17. By: Subiza, Begoña (University of Alicante, D. Quantitative Methods and Economic Theory); Peris, Josep E. (University of Alicante, D. Quantitative Methods and Economic Theory)
    Abstract: Minimum cost spanning tree problems have been widely studied in operation research and economic literature. Multi-criteria optimal spanning trees provide a more realistic representation of di↵erent actual problems. Once an optimal tree is obtained, how to allocate its cost among the agents defines a situation quite di↵erent from what we have in the minimum cost spanning tree problems. In this paper, we analyze a multicriteria problem where the objective is to connect a group of agents to a source with the highest possible quality at the cheapest cost. We compute optimal networks and propose cost allocations for the total cost of the project. We analyze properties of the proposed solution; in particular, we focus on coalitional stability (core selection), a central concern in the literature on minimum cost spanning tree problems.
    Keywords: Minimum cost spanning tree; Multi-criteria decision making; Quality; Cost sharing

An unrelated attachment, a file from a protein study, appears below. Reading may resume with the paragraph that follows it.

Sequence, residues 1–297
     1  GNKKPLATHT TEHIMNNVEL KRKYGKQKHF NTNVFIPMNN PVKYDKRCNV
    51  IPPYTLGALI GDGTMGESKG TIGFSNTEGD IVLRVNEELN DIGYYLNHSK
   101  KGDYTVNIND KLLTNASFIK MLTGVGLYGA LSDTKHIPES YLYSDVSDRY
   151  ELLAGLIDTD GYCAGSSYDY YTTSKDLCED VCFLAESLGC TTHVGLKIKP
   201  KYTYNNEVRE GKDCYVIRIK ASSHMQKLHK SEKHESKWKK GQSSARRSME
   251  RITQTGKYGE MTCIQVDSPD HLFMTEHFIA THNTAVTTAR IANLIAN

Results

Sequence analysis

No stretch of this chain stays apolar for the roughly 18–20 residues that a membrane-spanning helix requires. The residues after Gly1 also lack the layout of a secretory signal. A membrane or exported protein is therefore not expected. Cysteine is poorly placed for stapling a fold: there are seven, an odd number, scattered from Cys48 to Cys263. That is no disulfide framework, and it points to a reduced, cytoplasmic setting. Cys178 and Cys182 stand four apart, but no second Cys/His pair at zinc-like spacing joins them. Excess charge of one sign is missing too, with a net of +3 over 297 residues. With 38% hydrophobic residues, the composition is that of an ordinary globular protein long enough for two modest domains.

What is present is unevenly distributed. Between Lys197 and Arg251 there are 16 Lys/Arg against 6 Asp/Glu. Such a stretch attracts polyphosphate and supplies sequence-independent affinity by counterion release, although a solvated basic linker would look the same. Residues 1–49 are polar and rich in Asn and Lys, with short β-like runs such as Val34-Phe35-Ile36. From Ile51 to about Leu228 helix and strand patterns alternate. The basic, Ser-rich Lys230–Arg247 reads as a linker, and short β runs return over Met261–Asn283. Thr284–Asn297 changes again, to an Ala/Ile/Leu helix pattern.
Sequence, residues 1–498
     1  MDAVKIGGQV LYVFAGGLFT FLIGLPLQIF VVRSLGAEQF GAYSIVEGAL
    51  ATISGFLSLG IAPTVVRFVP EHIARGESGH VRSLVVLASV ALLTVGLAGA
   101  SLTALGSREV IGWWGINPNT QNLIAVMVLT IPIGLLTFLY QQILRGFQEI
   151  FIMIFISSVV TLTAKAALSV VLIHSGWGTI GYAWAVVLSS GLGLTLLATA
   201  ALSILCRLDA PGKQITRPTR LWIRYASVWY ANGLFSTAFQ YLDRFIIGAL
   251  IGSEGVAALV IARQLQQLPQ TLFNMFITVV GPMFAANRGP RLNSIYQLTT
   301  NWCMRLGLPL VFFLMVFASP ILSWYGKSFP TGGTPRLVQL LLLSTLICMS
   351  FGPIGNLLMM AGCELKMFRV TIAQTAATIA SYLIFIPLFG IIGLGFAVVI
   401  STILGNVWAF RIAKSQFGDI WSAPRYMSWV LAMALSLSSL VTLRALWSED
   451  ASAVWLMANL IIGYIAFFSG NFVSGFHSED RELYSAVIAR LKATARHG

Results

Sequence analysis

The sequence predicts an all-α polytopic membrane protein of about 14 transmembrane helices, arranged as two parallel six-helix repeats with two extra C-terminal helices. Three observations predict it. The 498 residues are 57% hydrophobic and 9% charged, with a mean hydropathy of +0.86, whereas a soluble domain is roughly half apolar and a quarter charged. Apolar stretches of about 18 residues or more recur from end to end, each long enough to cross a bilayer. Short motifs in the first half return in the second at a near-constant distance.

JEL: C71 D63 D71
    Date: 2019–05–15
  18. By: François Maublanc; Sébastien Rouillon
    Abstract: We study multiple-prize contests where the number of prizes to be awarded is a random variable. We determine the symmetric Nash equilibrium of the contest game. We analyze the equilibrium outcome from the perspective of a contest designer aiming at maximizing the aggregate contest expenditure. Assuming that the total value at stake is non-increasing in the number of prizes, we show that the aggregate contest expenditure decreases with the expectation on the number of prizes (first-order stochastic dominance), with the risk in the number of prizes (second-order stochastic dominance), and increases with the number of contestants. We give sufficient conditions such that the same holds under a general specification. Accordingly, a contest designer aiming at maximizing the aggregate contest expenditure should always award a single prize, reveal this information to the contestants and open the contest game to all potential participants.
    Keywords: Contest model · Rent-seeking · Multiple-prizes · Number uncertainty · Incomplete information
    JEL: C7 D4 D7 D8
    Date: 2019